A taxpayer who sells a property may be required to charge GST/HST on the sale of the property, depending on the actual use of the property during the time between original purchase and sale. Further, if a taxpayer is considered a “builder” within the meaning of the Excise Tax Act (one example is where substantial renovations were done), the property may also be subject to GST/HST on sale. Finally, as a result of changes made in Budget 2022, a sale made by an individual of a residential condominium or single unit residential complex by way of assignment is taxable for GST/HST, regardless of the reason for the acquisition of the property.
If the draft legislation is enacted, where a residential property is sold within the year, there would be an automatic assumption that it’s a flipped property and the profits would be fully taxable as business income unless one of the above-noted exclusions apply. However, where the proposed residential property flipping rule wouldn’t be applicable is to the disposition of a residential property and case law and the relevant facts would need to be considered to determine the tax treatment.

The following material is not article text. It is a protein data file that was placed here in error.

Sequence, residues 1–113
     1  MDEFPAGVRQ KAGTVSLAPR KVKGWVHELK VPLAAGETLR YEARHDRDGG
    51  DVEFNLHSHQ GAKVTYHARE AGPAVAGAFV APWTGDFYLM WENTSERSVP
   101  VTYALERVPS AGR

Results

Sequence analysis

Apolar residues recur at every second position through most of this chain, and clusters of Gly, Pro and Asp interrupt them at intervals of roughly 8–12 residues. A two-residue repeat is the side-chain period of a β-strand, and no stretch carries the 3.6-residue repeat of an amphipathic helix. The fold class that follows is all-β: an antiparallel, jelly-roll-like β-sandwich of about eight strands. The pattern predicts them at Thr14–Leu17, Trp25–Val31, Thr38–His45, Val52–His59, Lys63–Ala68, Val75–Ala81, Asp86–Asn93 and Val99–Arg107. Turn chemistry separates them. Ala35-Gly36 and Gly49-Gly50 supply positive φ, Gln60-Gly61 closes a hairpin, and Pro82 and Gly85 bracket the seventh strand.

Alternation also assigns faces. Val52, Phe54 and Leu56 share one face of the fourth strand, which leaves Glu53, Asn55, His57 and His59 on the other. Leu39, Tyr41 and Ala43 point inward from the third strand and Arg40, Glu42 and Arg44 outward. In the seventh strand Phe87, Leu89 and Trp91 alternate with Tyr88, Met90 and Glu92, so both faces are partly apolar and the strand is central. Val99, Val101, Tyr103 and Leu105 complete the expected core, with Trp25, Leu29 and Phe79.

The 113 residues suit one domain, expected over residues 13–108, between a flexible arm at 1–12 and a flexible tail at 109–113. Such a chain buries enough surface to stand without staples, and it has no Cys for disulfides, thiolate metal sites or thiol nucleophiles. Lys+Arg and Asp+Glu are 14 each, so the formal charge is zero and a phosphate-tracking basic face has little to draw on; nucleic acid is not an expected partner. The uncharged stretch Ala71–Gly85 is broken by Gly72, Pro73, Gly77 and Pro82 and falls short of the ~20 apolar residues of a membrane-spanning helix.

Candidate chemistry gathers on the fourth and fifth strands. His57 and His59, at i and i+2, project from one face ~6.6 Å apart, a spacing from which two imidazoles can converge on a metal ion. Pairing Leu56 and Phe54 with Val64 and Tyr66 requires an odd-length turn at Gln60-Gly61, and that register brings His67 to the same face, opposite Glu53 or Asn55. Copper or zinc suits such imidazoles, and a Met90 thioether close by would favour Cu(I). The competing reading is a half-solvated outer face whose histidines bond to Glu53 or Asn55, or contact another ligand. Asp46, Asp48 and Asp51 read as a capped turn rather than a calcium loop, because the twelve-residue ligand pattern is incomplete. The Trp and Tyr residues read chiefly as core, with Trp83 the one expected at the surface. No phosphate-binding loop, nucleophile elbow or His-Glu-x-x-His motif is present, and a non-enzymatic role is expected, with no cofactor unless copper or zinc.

The draft legislation for the proposed anti-flipping rules have not yet achieved Royal Assent but were included in Bill C-32, which was introduced on November 4, 2022.
It’s important for taxpayers to start familiarizing themselves with the new rules to ensure they are compliant. The proposed new rules are complex, and we can help you navigate them—contact your local advisor or reach out to us here.
The information contained herein is general in nature and is based on proposals that are subject to change. It is not, and should not be construed as, accounting, legal or tax advice or an opinion provided by Grant Thornton LLP to the reader. This material may not be applicable to, or suitable for, specific circumstances or needs and may require consideration of other factors not described herein.